Foundations of Agnostic Statistics
Cambridge University Press, Jan 31, 2019 - Mathematics - 314 pages
Reflecting a sea change in how empirical research has been conducted over the past three decades, Foundations of Agnostic Statistics presents an innovative treatment of modern statistical theory for the social and health sciences. This book develops the fundamentals of what the authors call agnostic statistics, which considers what can be learned about the world without assuming that there exists a simple generative model that can be known to be true. Aronow and Miller provide the foundations for statistical inference for researchers unwilling to make assumptions beyond what they or their audience would find credible. Building from first principles, the book covers topics including estimation theory, regression, maximum likelihood, missing data, and causal inference. Using these principles, readers will be able to formally articulate their targets of inquiry, distinguish substantive assumptions from statistical assumptions, and ultimately engage in cutting-edge quantitative empirical research that contributes to human knowledge.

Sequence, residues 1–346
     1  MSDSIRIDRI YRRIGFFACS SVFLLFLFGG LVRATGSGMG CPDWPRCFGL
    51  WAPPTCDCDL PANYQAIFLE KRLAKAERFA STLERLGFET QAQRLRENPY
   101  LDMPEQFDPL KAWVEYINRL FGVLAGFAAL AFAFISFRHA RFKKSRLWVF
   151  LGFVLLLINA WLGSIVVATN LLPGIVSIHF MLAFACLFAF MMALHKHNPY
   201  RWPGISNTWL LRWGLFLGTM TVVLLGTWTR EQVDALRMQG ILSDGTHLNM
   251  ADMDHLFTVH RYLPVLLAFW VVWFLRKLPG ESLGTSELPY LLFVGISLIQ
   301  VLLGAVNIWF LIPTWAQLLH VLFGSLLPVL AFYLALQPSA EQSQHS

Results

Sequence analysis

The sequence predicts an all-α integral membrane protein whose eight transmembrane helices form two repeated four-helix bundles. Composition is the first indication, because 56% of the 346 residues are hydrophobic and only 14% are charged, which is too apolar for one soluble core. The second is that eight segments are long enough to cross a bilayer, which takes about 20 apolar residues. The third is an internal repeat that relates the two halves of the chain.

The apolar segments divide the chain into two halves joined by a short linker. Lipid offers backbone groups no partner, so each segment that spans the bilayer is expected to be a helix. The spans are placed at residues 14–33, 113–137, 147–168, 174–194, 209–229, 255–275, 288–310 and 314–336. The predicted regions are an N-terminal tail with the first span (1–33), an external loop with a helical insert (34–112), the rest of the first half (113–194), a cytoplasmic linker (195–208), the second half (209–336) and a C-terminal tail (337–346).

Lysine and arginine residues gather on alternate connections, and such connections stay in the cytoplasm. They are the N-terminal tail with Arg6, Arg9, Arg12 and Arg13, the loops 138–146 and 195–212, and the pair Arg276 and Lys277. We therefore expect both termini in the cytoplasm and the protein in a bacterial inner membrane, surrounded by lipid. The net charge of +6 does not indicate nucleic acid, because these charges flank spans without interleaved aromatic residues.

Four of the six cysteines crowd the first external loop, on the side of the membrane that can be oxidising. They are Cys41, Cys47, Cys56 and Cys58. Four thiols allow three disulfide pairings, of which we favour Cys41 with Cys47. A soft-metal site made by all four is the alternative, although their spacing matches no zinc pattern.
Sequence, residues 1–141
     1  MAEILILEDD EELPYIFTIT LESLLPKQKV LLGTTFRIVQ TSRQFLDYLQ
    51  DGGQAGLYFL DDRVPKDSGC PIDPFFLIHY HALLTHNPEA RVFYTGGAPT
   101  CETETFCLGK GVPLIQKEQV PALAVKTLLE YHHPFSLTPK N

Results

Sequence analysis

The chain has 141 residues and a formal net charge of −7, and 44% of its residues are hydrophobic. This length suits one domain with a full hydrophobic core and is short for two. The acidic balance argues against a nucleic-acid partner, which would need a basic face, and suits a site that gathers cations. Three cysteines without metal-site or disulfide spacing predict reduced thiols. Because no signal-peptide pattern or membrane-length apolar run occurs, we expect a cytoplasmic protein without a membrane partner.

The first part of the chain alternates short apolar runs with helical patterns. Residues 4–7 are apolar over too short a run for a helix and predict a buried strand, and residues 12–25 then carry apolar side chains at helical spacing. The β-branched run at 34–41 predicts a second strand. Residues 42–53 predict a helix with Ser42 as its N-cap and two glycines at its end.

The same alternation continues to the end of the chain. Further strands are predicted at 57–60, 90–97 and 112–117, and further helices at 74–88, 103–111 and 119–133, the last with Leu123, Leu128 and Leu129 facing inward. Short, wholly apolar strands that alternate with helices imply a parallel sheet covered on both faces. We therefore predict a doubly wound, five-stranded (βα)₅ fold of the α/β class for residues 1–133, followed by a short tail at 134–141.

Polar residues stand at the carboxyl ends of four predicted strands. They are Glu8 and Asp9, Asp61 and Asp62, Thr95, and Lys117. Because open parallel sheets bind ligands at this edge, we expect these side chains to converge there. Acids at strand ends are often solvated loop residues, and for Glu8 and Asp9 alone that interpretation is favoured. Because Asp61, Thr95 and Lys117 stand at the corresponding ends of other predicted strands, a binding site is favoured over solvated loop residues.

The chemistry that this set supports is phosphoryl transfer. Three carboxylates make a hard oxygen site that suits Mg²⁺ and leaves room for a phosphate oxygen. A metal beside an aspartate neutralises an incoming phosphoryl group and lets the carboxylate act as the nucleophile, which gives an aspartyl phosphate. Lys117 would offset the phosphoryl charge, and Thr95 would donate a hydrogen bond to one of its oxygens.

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ˆθ analogous approximation assume assumption binary choice model bootstrap bounds causal inference Chapter characterize classical linear model cluster coefficients coin flip conditional expectation conditional expectation function confidence intervals consider consistent estimator continuous random variables Cov[X,Y covariates define Definition denotes discrete random variables discuss E[Yi empirical CDF example expected value explanatory variables finite following theorem given i.i.d. observations i.i.d. random variables implies independent IPW estimator Iterated Expectations joint distribution joint PDF Large Numbers Law of Iterated Maximum Likelihood MCAR micronumerosity missing data ML estimate multivariate normal distribution overfitting p-value parameters parametric model partial derivative pD(Xi plug-in estimator plug-in regularity conditions polynomial population mean pp(X pr(X Pr[D Pr[R Pr[X predictor propensity score properties random assignment random vector regression estimator sample mean sample statistic Section standard error strong ignorability Supp[X Suppose unbiased unit usual plug-in regularity WLLN zero